Idaho and Atreides loyalty; it was a curious thought that Leto would have to pursue once back in Arrakeen.
It was not often that Leto could find humor in his remembering of his father, so he treasured those memories of a man trapped by Fate, by prescience. Leto had come to understand his father completely during his first prescient vision of the necessities of the Golden Path, a future that would lead humanity as a whole out of the death-desire, though much death would be had during Kralizec—the Typhoon Struggle—born out of death yet with neither beginning nor end, an is made real by a true evolution of the species. It was a future which presented its own kind of trap to a being such as Leto or Muad’Dib.
However, the first emotion Leto experienced towards his father was of hate and disgust, but that was due to the nature of his awakening while still in the womb. It was a memory he had put out of his mind but had come resurging back as he ran past Shuloch, the old sietch of the Jacurutu:
He was cradling an infant in arms that were not his own, feeling as though he was holding himself. In a husky, female voice he tried to soothe the young child:
“Be still, little Leto. Our Usul will return to us soon.” It was not his voice, and yet he thought that he could be this Fremen mother. She sang to her baby:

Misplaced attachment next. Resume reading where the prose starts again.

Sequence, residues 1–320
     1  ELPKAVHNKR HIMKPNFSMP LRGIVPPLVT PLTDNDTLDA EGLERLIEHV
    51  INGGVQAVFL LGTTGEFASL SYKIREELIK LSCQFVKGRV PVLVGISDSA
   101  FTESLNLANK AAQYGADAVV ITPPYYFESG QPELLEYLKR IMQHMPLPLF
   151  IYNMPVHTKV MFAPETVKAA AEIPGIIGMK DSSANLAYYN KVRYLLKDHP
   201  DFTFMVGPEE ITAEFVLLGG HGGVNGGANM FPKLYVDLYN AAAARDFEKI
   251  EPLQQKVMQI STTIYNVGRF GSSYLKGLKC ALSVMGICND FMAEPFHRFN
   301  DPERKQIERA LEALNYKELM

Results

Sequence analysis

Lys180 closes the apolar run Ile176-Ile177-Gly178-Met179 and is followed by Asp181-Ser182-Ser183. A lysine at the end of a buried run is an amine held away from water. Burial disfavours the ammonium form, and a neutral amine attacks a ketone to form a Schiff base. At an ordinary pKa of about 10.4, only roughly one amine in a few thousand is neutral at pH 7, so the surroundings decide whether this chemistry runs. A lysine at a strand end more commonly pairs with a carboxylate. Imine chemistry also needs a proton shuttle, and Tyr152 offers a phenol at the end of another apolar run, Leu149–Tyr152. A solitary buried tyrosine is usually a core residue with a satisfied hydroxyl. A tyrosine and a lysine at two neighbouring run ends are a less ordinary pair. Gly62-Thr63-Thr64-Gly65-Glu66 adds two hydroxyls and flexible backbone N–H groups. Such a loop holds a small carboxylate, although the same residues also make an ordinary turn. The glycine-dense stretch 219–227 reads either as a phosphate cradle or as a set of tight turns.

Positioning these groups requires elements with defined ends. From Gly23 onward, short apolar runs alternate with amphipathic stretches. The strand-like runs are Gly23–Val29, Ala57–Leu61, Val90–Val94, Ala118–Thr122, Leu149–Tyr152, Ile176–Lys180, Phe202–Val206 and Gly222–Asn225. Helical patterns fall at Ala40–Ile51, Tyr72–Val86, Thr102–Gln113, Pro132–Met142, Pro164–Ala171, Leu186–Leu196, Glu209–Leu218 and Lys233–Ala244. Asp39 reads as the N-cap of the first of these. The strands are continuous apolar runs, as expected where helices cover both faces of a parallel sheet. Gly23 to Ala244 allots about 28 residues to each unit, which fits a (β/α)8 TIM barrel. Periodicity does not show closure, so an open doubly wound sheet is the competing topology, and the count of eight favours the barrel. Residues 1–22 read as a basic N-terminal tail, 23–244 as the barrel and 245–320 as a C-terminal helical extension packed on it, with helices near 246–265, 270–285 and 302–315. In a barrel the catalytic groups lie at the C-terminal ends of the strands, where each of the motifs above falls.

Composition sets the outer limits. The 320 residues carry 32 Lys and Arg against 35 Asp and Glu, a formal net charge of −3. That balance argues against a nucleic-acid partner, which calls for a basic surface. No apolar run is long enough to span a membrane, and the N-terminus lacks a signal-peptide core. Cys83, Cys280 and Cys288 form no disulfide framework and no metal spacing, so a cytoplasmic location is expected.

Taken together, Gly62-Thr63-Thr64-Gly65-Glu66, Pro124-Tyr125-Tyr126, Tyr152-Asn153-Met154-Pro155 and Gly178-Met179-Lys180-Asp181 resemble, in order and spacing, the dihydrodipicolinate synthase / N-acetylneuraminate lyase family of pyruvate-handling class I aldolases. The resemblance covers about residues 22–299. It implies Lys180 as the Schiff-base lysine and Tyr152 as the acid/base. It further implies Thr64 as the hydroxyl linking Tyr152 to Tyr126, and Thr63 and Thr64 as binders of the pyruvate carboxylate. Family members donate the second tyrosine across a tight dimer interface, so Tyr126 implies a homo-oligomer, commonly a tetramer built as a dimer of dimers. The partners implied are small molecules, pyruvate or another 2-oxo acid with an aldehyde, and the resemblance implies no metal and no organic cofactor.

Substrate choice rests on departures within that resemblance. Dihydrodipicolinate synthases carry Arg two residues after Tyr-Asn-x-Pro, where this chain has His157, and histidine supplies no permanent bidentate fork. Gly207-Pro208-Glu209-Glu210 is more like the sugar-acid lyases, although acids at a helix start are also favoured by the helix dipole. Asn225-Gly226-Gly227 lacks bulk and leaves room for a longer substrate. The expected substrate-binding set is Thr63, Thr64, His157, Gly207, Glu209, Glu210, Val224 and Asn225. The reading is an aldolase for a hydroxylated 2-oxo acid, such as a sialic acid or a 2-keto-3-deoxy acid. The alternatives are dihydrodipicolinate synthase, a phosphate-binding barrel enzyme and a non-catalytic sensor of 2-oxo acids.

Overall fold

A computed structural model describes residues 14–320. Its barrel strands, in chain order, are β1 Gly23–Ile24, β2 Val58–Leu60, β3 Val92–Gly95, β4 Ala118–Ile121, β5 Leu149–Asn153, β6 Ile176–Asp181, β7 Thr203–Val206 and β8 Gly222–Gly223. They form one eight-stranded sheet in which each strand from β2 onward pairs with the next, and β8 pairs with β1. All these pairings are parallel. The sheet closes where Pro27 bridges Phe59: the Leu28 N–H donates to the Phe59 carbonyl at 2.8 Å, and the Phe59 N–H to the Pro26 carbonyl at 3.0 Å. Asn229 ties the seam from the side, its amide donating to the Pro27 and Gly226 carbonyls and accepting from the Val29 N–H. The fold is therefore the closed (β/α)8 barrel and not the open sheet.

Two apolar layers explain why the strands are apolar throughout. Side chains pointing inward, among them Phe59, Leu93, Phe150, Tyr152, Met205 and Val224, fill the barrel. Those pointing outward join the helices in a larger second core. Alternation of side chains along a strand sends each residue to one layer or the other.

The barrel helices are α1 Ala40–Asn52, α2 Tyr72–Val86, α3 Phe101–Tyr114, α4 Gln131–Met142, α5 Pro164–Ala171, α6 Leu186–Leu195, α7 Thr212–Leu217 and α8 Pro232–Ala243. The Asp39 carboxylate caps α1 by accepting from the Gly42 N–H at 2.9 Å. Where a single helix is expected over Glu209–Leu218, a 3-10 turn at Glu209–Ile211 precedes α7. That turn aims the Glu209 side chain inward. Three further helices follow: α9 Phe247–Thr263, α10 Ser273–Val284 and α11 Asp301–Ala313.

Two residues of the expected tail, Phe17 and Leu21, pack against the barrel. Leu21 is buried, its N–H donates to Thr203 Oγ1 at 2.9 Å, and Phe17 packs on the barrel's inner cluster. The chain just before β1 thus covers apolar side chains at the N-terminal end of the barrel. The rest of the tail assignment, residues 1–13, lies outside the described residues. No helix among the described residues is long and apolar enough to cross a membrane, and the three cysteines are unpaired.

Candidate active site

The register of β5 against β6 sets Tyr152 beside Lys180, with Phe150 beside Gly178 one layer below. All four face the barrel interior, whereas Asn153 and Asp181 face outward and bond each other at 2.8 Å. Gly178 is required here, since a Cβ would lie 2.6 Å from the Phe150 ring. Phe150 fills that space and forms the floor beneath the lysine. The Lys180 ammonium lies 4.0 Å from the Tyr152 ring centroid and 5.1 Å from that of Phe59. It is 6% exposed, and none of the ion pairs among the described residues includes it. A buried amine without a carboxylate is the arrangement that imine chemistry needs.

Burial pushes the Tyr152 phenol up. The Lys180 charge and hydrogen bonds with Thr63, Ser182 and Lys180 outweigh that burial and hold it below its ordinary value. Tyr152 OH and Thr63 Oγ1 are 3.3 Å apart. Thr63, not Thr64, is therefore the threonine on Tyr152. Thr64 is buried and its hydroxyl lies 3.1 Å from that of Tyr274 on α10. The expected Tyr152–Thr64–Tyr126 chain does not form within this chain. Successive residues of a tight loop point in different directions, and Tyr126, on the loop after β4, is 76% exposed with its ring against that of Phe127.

Be still, my love, for the desert wind has come.
Watch and listen to its howling.
You shall survive the Storm of Sands.
Reach out to your Ruh-Spirit
And we shall greet your gaze
With the water of the tribe.
The words moved him and became insinuated in his developing mind as he realized that he was his mother, Chani, singing to her firstborn son, a son long dead. Though he could replay it perfectly in his mind, it was a song she had only sung once to her child, in part because of a curious fear that her Usul had somehow placed those words in her mind. It was halting and unrhythmic, like the walking one makes across the desert to delay the coming of Shai-Hulud, the Old Man of the Desert. She was singing to his brother, killed by Sardaukar not long before Paul took control of Arrakis and became Emperor. During this awakening, Leto was caught by alternating memories that seemed to prove in his young mind that his father had allowed terrible things to occur.